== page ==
2. 2. the transition section or barrier section of the Pumping the Polymerscrew, which is typically located directlyafter the feed section of the screw. Pumping in an extrusion screw is also very critical because of its effect on processWhen fillers are added to resins, it increases stability. In contrast to injection molding,their specific gravity. For example, a neat, where the screw pumps melted polymeror unfilled, 2 MFR polypropylene has a through a non-return valve to accumulatespecific gravity of 0.92, whereas the same the next injection shot, the extrusionpolymer with 40% talc filler has a specific process requires steady, stable andgravity of 1.24. This is an increase of 35% in consistent output. Yes, it is important thatdensity and also a 40% reduction in the the resin is fed consistently and is meltingamount of polymer that needs to be melted uniformly, but it is in the metering section ofduring processing. Since the filler is taking the screw where the pumping has to beup volume in the screw channels and does steady.not melt, compensations must be made inscrew design. Typically, resins which have fillers have a higher viscosity than the same resin withoutAs mentioned, since the filler does not fillers. Increased viscosity actually helpstypically compress or change its volume due pumping, but it also generates higher headto temperature change, the channel depths pressure if the extrusion die has not beenmust take that fact into account. For designed for the more viscous polymerexample, the screw for an unfilled compound.polypropylene typically has a the volumetriccompression ratio in the 3.5 to 3.75:1 range, Barrel Temperature Overrideversus 2.75 to 3.25:1, depending on screwsize. for a 40% talc-filled polypropylene. If a screw designed for “neat” or unfilledIn the case of a barrier-type screw, for a resin is used to process a filled resin, it maythermoplastics composite, the design must appear to be processing the material in antake into account not only the channel depths acceptable manner, but inside the barrelbut also the barrier flight clearance. other things are happening.On a barrier type screw design, as the Normally, the first sign of problems will bepolymer melts along the barrel wall, it must temperature overrides in the barrel zones.freely flow through the barrier flight gap as it This is due to the non-compressibility of theleaves the solids channel and is collected in filler. The cause of the temperature overridethe melt channel of the barrier section. is typically due to the fact that viscousAgain, since the composite polymer has non- heating is taking place in a particular area ofcompressible fillers in its matrix, the barrier the screw, therefore, in turn causing thegap needs to be more generous to allow the barrel zone to overheat. Typically,free flow of the melted material. Otherwise, whenever a barrel zone temperaturehigh pressure differentials between the solids overrides due to viscous heating, the basicchannel and melt channel will occur and cause is that the material is still too stiff orcould in turn cause barrel temperature viscous to flow smoothly through thatoverride in the middle barrel zones. portion of the screw channel.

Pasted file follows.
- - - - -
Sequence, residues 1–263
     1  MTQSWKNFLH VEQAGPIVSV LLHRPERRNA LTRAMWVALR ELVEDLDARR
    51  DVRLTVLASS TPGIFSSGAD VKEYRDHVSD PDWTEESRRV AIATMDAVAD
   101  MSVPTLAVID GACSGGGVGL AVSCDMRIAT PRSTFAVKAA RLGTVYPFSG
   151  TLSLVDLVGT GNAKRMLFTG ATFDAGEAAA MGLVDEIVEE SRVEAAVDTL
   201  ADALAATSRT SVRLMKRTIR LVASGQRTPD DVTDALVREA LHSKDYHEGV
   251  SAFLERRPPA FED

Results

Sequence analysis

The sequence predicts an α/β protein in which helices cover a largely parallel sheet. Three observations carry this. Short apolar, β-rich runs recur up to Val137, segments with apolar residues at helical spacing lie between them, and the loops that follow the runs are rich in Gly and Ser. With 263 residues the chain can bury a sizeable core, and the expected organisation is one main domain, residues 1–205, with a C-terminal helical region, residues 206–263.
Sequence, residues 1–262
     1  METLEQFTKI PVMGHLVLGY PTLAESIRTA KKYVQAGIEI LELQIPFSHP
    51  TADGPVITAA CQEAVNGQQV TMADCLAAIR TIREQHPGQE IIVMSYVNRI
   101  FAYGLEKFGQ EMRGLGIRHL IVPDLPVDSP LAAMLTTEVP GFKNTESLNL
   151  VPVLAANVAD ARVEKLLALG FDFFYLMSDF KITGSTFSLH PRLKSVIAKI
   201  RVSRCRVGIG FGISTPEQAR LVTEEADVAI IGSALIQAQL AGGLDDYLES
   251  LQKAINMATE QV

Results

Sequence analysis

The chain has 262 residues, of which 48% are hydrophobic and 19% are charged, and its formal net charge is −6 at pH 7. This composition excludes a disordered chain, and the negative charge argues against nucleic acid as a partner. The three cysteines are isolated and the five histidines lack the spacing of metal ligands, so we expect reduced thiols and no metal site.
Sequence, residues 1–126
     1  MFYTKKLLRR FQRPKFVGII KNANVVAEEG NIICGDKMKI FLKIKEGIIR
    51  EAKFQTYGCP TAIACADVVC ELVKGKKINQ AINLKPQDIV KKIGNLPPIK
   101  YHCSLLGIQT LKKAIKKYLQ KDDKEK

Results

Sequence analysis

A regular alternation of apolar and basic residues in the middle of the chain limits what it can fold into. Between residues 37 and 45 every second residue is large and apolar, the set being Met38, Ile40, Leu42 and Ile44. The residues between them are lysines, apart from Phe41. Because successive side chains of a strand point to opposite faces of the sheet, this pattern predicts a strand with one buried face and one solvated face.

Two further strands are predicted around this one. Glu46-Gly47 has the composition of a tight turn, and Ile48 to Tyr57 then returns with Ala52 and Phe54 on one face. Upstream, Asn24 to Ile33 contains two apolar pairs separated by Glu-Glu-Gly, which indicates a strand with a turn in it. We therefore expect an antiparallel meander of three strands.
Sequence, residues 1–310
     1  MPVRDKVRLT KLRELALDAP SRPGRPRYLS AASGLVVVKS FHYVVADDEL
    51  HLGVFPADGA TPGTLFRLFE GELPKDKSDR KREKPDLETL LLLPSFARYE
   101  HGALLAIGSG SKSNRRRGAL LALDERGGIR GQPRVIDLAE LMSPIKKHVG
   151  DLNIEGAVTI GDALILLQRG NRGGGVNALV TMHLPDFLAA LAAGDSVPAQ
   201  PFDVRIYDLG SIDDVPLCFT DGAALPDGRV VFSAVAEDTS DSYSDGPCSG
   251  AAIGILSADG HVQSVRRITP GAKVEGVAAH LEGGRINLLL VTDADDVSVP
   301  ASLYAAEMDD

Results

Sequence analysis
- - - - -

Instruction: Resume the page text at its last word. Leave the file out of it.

3. 3. Normally, the first processing technique thatshould be used is to increase all of the barrelzones prior to the zone that is overriding.This should help raise the temperature of theresin, lower its viscosity and in turn allow itto flow more easily through the portion of thescrew where the temperature override washappening. In most cases, this is only atemporary fix, and a long-term solution needsto be implemented with a properly designedscrew. Figure 1By correcting the screw design so that thegeometry takes into account the amount of The main reason that the majority of thefiller in the thermoplastic compound, wear takes place in the areas mentioned istemperature overrides can be eliminated, and that the resin is still in a pellet form in thisscrew wear can be reduced. portion of the screw and the composites are in turn then near the outer surface of the Wear pellets and are rubbing against the unprotected steel root of the screw. OnceScrew and barrel wear are two areas of the resin starts to melt, a film of meltedconcern in the use of composite material begins to help lubricate the areathermoplastic resins. between the pellets and the root of the screw.Screw WearThe other evidence of improper screw designfor composite thermoplastic resins is in thearea of screw wear. If the volumetriccompression ratio has not been optimized forthe composite thermoplastic, extreme wearwill be evident in the root of the screwchannel. Different fillers cause the wear tooccur in different areas of the screw. Thetype of screw wear caused by fillers isabrasive wear, as shown in Figure 1.Fillers like mica and fiberglass will cause Figure 2aggressive wear in the feed section of the Typically, an inexpensive method to reducescrew. Normally this wear will start to be this type of root wear is to have the screwseen in the third and fourth turn of the screw nitrided. Nitriding totally case-hardens theand will extend in to the third, fourth and root and sides of the flight to a depth offifth turn of the transition. Typically, the 0.015” to 0.020” and to a hardness of 60 Rc.wear is on the push side of the flight and The one downside to nitriding a screw is thatappears as the photo shown in Figure 2. since the thickness is only 0.015” to 0.020” thick, in due time it too will wear away; and